Thursday, October 15, 2009

SFO: Salome Dress

Lined up for salome dress
San Francisco Opera
Dress Rehearsal
15 Oct 2009 3pm

Salome: Nadja Michael
Herodias: Irina Mishura
Herod: Kim Begley
Jokanaan: Greer Grimsley
Narraboth: Garrett Sorenson
A page: Elizabeth DeShong
First Jew: Beau Gibson
Second Jew: Robert MacNeil
Third Jew: Matthew O’Neill
Fourth Jew: Corey Bix
Fifth Jew: Jeremy Milner
First Soldier: Andrew Funk
Second Soldier: Bojan Knezevic
First Nazarene: Julien Robbins
Second Nazarene: Austin Kness
Cappodocian: Kenneth Kellogg
Slave: Renée Tatum

Conductor: Nicola Luisotti
Director: Seán Curran

This afternoon I attended a dress rehearsal of SF Opera's Salome, which opens this Sunday afternoon. The set is an abstract, box-like interior. Most of the action takes place on a bright white circle, probably representing the moon. In the back wall is a bank vault door representing the cistern imprisoning Jokanaan. The cast is in modern dress. The soldiers wear sleeveless hoodies. Salome wears a breezy Marilyn Monroe dress.

Even though this was a dress rehearsal, Nadja Michael tackled this triathlon of a role by singing, acting & dancing with complete involvement. I found her acting to be the most compelling aspect of her performance. Her Salome has happily given herself up to an obsession she never questions. Ms. Michael made a consistently strong sound, though I sometimes wondered what pitches she was singing. She did a creditable job dancing, proving herself quite flexible. The choreography eventually presents her nude while simultaneously protecting her modesty. It was clear that Greer Grimsley possesses a huge, weighty voice from the moment we heard him off-stage. Hair in dreadlocks & exposing a broad shirtless chest, he is a virile Jokanaan. I also liked Garrett Sorenson's dark-voiced Narraboth. But really there were no weak links in the cast.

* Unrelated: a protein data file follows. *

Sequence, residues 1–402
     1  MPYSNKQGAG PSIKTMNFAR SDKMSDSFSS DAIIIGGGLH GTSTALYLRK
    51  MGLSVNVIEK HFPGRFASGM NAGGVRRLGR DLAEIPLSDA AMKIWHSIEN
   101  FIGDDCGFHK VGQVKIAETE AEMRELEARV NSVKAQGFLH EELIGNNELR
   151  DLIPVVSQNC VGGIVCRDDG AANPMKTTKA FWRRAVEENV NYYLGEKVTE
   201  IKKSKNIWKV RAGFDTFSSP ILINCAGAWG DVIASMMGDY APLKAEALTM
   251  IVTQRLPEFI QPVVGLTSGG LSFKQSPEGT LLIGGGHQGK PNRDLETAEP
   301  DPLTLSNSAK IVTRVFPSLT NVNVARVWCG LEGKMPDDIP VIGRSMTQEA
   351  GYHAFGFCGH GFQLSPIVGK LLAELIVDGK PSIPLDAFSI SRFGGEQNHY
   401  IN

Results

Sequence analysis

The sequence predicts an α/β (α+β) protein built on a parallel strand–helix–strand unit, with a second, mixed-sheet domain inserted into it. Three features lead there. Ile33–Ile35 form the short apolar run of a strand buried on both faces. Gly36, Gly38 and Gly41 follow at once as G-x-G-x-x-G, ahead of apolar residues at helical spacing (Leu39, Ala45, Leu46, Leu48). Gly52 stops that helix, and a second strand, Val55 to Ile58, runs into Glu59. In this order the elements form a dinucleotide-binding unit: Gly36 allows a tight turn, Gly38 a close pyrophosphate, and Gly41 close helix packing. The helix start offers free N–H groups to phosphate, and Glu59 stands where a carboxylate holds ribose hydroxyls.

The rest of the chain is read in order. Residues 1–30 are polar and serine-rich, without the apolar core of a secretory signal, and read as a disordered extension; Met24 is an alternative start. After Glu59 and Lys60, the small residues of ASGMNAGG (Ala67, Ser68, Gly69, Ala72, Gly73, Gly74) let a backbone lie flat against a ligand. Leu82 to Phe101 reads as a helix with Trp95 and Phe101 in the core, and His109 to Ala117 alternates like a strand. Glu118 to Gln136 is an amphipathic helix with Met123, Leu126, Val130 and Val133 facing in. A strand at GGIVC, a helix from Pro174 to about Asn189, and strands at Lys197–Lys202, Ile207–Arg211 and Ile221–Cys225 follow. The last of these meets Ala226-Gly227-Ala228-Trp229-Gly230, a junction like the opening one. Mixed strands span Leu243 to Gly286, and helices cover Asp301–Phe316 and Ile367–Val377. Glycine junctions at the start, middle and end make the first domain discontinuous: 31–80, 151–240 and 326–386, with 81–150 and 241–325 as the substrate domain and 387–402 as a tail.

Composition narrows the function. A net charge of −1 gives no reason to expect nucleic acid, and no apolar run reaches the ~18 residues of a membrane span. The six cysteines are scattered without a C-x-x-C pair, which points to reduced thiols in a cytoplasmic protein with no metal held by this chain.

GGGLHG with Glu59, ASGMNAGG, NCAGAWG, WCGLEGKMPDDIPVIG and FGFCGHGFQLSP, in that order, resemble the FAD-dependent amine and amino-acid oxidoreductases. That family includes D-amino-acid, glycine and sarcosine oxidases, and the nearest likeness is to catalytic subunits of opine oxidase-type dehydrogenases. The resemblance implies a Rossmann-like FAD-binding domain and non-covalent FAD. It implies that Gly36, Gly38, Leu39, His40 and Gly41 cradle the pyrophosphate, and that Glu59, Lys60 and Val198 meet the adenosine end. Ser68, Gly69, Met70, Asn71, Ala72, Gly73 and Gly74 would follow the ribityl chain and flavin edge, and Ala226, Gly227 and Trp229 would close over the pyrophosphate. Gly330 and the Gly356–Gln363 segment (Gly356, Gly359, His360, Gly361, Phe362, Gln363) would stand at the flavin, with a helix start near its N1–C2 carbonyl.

Nicola Luisotti's conducting was unfussy & did not stress orchestral detail or precision. The orchestra's presence was instead cushioned & impressionistic. The opening clarinet run sounded almost casual. Maestro Luisotti reseated the woodwinds to the left, behind the violins. The horns were also on the left, behind the woodwinds. The cellos & double basses were on the right, in front of the rest of the brasses. This may have created a softer, more diffuse brass sound.

This dress rehearsal audience was quite eager & cheered especially Ms. Michael & Mr. Grimsley. The woman behind me seemed to be snacking during the whole performance, as I kept hearing her rustle a plastic bag. I am pretty sure I heard her ask her companion, "Would you like one?" during the climactic Dance of the 7 Veils, as if this bit with the loud music was a bore.

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